For his part, Eugen Cara, head of the Assistance Projects Section within the Reintegration Policy Bureau, added: "On the Transnistrian file, arising from the tense regional situation, we are trying to avoid internal risks and we are interested in standardizing payments and we are thinking about how to properly regulate and we apply Moldova's economic policy measures throughout the country". According to him, according to the data of the Public Services Agency, around 2300 economic agents are registered in the Transnistrian region that meet the requirements of the legislation in force of the Republic of Moldova, and the European market remains the most attractive for them.
Lately, Moldovan investigative journalists have revealed a number of local enterprises in the metallurgical sector and the machine building industry that have ties to metallurgical and military enterprises and maintain economic relations with Russian firms included in the list of sanctioned companies.
"The Russian presence is very significant and massive and has an impact on Moldova's economy. The largest textile producer in Moldova has Russian owners and the Russian presence is also in the field of duty-free or the Airport. In total, there are 898 companies associated with individuals and legal entities from the Russian Federation, such as enterprises that produce electronic components (Mezon, Sigma) or elements for military and civil aircraft engines (ASPA, Topaz, Pribor). And in this year of war, companies with Russian capital continue to be founded", said Ion Preașcă, economic journalist mold-street.md and Rise Moldova.
For their part, the public authorities claim that the Republic of Moldova did not adhere to Western sanctions against Russia because we have a society and an economy vulnerable to such positions, and state policies should be focused on reducing the risks of sanctions on the population and the business environment.
"I don't think that the Republic of Moldova needs to have some sanctioning policies in the current difficult period, but let's focus on reducing the risks of economic agents, because that's our goal. And our committee should initiate these discussions. These days we are also coming with a draft law on reinsurance in the Russian Federation", says Valentina Manic, deputy in the Parliament of the Republic of Moldova, Economy, Budget and Finance Commission.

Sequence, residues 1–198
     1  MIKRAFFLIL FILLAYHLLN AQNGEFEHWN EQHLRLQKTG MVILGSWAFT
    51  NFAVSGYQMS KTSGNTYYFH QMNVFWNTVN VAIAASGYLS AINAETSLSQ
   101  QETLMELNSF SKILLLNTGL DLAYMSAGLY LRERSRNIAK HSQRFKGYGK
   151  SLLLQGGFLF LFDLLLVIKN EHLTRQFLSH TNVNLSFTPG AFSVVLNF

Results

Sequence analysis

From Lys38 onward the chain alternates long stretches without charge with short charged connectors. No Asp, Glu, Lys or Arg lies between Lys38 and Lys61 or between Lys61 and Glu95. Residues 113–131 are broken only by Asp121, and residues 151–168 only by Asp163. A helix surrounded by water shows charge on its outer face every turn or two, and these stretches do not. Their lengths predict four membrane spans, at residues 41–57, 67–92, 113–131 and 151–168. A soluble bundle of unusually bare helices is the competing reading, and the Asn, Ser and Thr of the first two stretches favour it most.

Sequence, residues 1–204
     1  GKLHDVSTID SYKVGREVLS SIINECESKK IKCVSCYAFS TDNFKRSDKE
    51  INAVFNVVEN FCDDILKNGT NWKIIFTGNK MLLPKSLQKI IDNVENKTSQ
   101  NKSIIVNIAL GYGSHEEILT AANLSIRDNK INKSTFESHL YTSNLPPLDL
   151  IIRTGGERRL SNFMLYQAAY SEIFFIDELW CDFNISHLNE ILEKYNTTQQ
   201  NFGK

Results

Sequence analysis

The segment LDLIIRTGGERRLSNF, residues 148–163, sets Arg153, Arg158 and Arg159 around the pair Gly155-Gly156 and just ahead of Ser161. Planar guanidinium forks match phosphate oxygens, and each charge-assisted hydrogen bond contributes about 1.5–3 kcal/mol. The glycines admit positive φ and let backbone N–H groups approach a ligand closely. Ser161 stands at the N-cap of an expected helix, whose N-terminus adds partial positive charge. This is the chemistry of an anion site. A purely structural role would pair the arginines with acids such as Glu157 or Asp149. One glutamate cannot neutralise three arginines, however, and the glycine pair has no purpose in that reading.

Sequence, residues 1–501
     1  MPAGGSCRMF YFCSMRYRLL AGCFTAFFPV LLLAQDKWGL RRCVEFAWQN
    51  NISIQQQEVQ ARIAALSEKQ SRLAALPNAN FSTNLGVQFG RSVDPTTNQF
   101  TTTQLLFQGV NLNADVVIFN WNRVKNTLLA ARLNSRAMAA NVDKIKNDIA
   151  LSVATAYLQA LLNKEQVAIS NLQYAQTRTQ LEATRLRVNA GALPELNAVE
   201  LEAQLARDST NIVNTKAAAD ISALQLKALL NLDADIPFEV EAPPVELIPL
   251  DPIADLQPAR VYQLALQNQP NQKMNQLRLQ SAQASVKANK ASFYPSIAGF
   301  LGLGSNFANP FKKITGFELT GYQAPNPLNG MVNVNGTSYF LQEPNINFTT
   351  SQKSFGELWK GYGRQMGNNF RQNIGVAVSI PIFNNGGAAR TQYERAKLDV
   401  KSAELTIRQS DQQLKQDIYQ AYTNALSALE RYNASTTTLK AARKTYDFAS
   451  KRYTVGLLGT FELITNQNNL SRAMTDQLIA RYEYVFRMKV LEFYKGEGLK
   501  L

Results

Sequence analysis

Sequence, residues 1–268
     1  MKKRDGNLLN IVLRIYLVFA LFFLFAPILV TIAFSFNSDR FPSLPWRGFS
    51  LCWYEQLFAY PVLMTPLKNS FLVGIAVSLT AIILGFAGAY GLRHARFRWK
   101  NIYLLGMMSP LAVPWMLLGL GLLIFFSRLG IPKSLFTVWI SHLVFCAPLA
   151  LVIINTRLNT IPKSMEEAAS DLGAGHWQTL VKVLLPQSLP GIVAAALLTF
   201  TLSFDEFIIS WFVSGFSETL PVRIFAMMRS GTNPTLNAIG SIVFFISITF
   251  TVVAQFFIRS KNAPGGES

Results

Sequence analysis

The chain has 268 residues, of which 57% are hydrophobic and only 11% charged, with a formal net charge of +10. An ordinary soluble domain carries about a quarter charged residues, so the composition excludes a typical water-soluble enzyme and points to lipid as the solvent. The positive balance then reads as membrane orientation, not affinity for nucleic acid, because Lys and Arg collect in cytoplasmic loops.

"The agricultural sector remains very susceptible to sanctions. Aligning with sanctions from the point of view of agricultural policies is a delicate subject from the perspective of rising prices of raw materials and inflation, but also the marketing of agricultural products on new markets. On the one hand, we have the problem of agricultural producers who export goods to the Russian Federation, and on the other hand, there is the problem of importing deliverables from the Russian market, such as fertilizers, which represent an 80% share, and many remain nowhere to be found on the EU platform fertilizers we need", says Ghenadie Rusu, from the Ministry of Agriculture and Food Industry.
As a result of the decision of the Russian Federation to recognize the non-government-controlled areas of Donetsk and Lugansk regions as independent entities and the military aggression against Ukraine on February 24, 2022, the United States of America, the European Union and a number of other countries of the world have imposed sanctions against hundreds of Russian organizations and over 1000 individuals.
Consequently, a package of individual and economic measures targeting the finance, energy, transport and technology sectors as well as visa policy has been applied. It is relevant to mention that the Republic of Moldova has not officially aligned itself with the package of sanctions against the Russian Federation. Regardless of the fact that the state of the Republic of Moldova has not imposed any sanctions on the Russian Federation, the effect of these sanctions directly affects both the banking system of the Republic of Moldova and the local business that benefits from international transfer banking services.
The Center for Entrepreneurship and Economic Policy (CAPE) is an independent analytical center whose mission is to support the development of democracy and a functioning economy through public policies focused on the development of the private sector and the stimulation of private initiative. Through this, CAPE supports the participation of the business environment in the democratic process, the promotion of well-structured public-private dialogue, offers support to associations through expertise, facilitating the introduction of international anti-corruption and conduct standards, training and knowledge transfer.